A study, published in the journal Nature, shows newly developed microscopic robots that will be able to unclog arteries, deliver drugs, and perform incisions.

The robots’ engineering is inspired on bacteria, as they are soft and flexible. Scientists can manipulate their movements through electromagnetic fields, making them swim in a particular direction and performing specific tasks.

Newly developed microscopic robots, inspired on bacteria, will be able to perform small surgeries thanks to their flexibility and softness. Photo credit: Nanotechnology News Network / Yale Scientific
Newly developed microscopic robots, inspired on bacteria, will be able to perform small surgeries thanks to their flexibility and softness. Photo credit: Nanotechnology News Network / Yale Scientific

Hen-Wei Huang led the study on microrobots resembling eukaryotic cells, from ETH Zurich’s Institute for Robotics and Intelligent Systems, alongside EPFL scientist Selman Sakar.

Robots inspired on real cells

The goal was to develop microscopic machines that were able to navigate in confined spaces, while also being able to perform medical operations without being deemed as invasive or unsafe. Because the resulting microrobots are so small, they are still considered to be lackluster regarding how many functions they can perform and how well can they maneuver when exposed to a biological environment.

The microrobots were inspired by origami, as they can fold in different ways to control how they swim in their field of operation as they receive commands through electromagnetic fields.

The resulting robots are flexible and lack conventional motorized structures. This is because they are made out of a biocompatible hydrogel embedded with magnetic nanoparticles, which can change the robot’s shape and trajectory.

One of the inspiring microorganisms behind the project was the bacterium responsible for African trypanosomiasis, or ‘sleeping sickness’. It is a bacterium that has a tail for propulsion to move along heterogeneous environments, but as it enters its hosts’ bloodstream, the tail is hidden to preserve the bacterium’s integrity and promote survival. The developed microrobots were able to perform a similar process just as they perceived increase in temperature, in this case with a laser. When it senses heat, the robot wraps its tail around its body.

“Our new production method lets us test an array of shapes and combinations to obtain the best motion capability for a given task. Our research also provides valuable insight into how bacteria move inside the human body and adapt to changes in their microenvironment,” explained Selman Sakar.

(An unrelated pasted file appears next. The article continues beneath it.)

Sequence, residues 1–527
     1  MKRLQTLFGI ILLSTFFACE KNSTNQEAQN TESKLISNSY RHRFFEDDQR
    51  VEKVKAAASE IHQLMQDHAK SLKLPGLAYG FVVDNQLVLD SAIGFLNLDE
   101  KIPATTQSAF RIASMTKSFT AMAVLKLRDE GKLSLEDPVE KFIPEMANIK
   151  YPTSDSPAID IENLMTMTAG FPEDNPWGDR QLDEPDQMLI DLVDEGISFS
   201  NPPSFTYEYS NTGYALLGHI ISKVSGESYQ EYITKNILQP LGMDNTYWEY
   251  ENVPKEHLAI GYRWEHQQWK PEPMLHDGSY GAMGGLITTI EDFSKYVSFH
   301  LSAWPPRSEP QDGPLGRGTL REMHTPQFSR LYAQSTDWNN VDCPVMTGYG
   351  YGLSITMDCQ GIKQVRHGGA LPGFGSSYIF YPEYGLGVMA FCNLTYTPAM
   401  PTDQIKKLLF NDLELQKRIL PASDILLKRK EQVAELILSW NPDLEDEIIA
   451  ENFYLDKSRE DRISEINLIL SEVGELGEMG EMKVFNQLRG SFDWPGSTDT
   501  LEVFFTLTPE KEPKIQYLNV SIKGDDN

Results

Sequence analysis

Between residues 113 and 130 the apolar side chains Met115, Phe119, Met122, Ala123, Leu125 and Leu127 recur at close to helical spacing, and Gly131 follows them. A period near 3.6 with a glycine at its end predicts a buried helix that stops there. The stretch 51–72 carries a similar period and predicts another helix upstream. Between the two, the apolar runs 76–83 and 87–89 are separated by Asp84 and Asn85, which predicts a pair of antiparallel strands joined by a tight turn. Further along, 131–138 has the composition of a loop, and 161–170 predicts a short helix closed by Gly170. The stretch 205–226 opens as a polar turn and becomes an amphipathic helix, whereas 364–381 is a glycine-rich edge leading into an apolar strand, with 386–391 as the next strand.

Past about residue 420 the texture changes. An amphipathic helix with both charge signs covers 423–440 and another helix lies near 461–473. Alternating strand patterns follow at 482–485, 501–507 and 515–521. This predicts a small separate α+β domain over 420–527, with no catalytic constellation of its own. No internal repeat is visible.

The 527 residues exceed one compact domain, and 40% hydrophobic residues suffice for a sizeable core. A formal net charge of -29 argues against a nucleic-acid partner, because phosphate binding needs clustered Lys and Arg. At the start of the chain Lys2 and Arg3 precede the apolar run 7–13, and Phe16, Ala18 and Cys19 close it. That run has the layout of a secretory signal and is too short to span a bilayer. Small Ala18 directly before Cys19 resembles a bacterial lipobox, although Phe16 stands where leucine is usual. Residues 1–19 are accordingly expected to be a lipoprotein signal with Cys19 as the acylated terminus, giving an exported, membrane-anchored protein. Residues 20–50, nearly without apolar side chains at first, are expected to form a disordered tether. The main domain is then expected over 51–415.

He stressed the necessity of the microrobots being completely safe for the patient’s body, as it is possible that the immune system recognizes them as a threat.

Creating thermosensitive robotic bacteria, a bioengineering feat

One of the challenges was to design a soft nanocomposite matrix to determine how the building blocks of the microrobot will bend, depending on the commands emitted through electromagnetic waves. Bending the robot’s body was more complex on its boundaries, as the interconnected parts of the layer are more easily manipulated than the parts that lie on the edge of each layer that compose the robot. Several bending models were created to efficiently store the flagellum.

The research team had to develop a unique folding technique which was able to accommodate the robot’s tail into a helix around its body, while only receiving electromagnetic waves as stimuli. In the end, the folding technique based itself solely on the behavior of the edge sections of the robot, thus being able to follow a magnetic axis and then transform itself into a helix, wrapping the flagellum around the newly formed cylindrical body. In the end, the particles had to be oriented in perpendicular lines, rather than just being scattered along the superficial layer of the robot.

When the robot’s hydrogel becomes exposed to temperatures of 40°C, it expands into a flat layer. As the temperature increases beyond 42°C, it morphs into a tubular shape. Anything beyond 45°C transforms the robot into a deformed cylinder.

The research team managed to make it, so the morphing process is reversible, so the microrobots can go back to their original shape whenever temperature decreases accordingly. It is possible to change the temperature threshold for the process by changing the type of hydrogel comprising the structure of the robot. By removing a single polymer of the hydrogel, the team managed to change the temperature threshold from 45 to 32°C.

Through tests using lasers, it was possible to heat the machines, so they achieved their final form after 65 seconds. Then, they were allowed to cool down and turned back into their original shape after 74 seconds.

Because each component of the microrobot was able to be engineered independently, it allowed for an ample room for improvement regarding the robot’s propulsion process. The results were fascinating, as the robots moved just like the cells that inspired them would. The following image shows some tests of the robot’s mobility capabilities depending on its current form.

The next step in robotics is to allow them to perceive stimuli through light, temperature and anything that could be manipulated by humans to send a message or to originate a response. Recently, a similar project yielded a tiny soft robotic ray fish which was able to respond to light. The researchers managed to steer the ray fish robot through an obstacle course.

Its movement was dictated by the different light patterns emitted from the outside, as its photosensitive internal structure acted accordingly. The team that developed the photosensitive ray fish robot compared it’s performance to that a human heart.

Source: Nature